- Stocks regulator could open less sensitive companies to audit
- More than 200 U.S.-traded Chinese firms face forced delisting
China’s securities watchdog is weighing a proposal that would allow U.S. regulators to inspect auditors’ working papers for some companies as soon as this year, people familiar with the matter said, in a bid to prevent Chinese firms from being forced to delist en masse from U.S. exchanges.
The China Securities Regulatory Commission is considering allowing U.S. officials to inspect documents on firms that don’t possess sensitive data, the people said, asking not to be identified as the information is private. Companies such as quick service restaurant operator Yum China Holdings Inc. could be examples of those that the provision would apply to, the people said. Travel platform Trip.com Group Ltd. is another potential example, one of the people said.
Despite the offer, the CSRC would still seek to retain some ability to withhold sensitive data from inspection by the U.S.’s Public Company Accounting Oversight Board, the people said. U.S. officials have previously insisted that inspectors need access to unredacted audit papers.
Deliberations are ongoing and Chinese regulators could decide not to extend the proposal, the people said. The proposal was first reported by the Financial Times.
Representatives for CSRC and Yum China didn’t immediately respond to requests for comment, while a representative for Trip.com declined to comment.
A PCAOB representative said that the board remains interested in a relationship with Chinese authorities, and this must begin with core principles such as access to audit firm personnel, testimony and other information or documents deemed relevant, including audit work papers free from redactions.
Regulators in China are battling on two fronts. They’re working to rein in what Beijing sees as unacceptable security risks derived from the reckless expansion of capital in overseas markets, while also trying to mollify U.S. officials’ concern about opaque ownership structures and, more recently, steep crackdown-driven losses.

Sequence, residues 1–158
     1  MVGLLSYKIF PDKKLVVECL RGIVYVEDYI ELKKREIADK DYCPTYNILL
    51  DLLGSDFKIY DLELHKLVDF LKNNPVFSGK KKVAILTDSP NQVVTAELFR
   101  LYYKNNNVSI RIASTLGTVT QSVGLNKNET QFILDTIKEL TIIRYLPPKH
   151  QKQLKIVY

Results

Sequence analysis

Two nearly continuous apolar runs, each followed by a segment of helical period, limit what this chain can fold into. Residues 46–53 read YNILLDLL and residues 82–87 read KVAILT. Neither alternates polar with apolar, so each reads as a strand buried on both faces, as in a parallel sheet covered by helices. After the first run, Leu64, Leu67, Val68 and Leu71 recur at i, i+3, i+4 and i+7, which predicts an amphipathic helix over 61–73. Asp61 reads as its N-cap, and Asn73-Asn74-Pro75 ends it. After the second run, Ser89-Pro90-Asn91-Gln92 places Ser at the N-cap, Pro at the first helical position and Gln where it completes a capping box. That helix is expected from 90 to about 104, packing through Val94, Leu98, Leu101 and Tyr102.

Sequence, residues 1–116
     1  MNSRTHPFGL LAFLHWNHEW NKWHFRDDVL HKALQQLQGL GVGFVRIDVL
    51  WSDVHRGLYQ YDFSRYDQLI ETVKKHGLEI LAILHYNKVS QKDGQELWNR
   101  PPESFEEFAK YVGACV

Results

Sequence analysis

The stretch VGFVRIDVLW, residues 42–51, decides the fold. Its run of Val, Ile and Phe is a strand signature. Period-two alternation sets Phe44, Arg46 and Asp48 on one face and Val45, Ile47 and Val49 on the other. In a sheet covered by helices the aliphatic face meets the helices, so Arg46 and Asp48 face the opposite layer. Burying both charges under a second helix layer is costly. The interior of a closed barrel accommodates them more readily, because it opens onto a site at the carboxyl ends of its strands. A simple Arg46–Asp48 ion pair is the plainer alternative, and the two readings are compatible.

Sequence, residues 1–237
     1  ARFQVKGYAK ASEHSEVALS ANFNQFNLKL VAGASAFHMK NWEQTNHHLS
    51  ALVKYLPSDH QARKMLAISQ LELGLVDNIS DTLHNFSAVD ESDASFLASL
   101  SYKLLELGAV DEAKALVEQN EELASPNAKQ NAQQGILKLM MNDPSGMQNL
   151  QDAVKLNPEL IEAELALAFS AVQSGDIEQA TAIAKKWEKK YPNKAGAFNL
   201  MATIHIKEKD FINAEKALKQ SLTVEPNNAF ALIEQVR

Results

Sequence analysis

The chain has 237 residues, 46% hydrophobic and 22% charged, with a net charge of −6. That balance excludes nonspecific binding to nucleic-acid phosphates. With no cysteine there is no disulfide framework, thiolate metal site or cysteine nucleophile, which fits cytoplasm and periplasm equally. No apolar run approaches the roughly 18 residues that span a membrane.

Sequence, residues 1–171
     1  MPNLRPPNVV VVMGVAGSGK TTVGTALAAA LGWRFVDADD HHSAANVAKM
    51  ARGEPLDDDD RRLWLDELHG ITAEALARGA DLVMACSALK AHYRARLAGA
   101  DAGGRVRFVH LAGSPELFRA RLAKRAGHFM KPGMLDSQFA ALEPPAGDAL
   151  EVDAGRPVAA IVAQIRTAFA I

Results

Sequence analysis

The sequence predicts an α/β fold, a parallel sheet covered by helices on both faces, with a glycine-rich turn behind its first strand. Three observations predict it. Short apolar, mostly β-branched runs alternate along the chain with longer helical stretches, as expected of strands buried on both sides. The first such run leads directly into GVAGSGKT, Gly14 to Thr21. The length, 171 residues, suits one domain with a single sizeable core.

Regulator Needs Flexibility
China has suggested fresh approaches in the past, though they have gained little traction in negotiations.
In 2020, Beijing put forward offers of joint inspections that would allow the PCAOB to pick any of its state-owned companies, and separately, an initiative to jointly examine private-sector firms. Both offers would have involved some information redacted because of national security concerns.
The PCAOB’s then-chairman characterized the CSRC’s proposals as “materially deficient.” The Holding Foreign Companies Accountable Act would help level the playing field for all issuers in the U.S. stock market, U.S. Securities and Exchange Commission officials said ahead of the bill’s signing in December 2020.
Both the PCAOB and the CSRC issued statements last week affirming they are talking about the issue, after the SEC published a provisional list of issuers facing a ban under the act. The SEC declined to comment.
China supports overseas listing and has achieved positive progress in discussions with Washington over Chinese stocks listed in U.S. markets, according to a state media report on Wednesday citing a meeting chaired by Vice Premier Liu He, adding that both sides are working to formulate a detailed cooperation plan.
Companies identified by the SEC, a group which includes Yum China and four other U.S.-traded Chinese firms, will be forced to give up their listings if they can’t bring themselves back in compliance. The law is expected to apply to nearly 200 companies in total.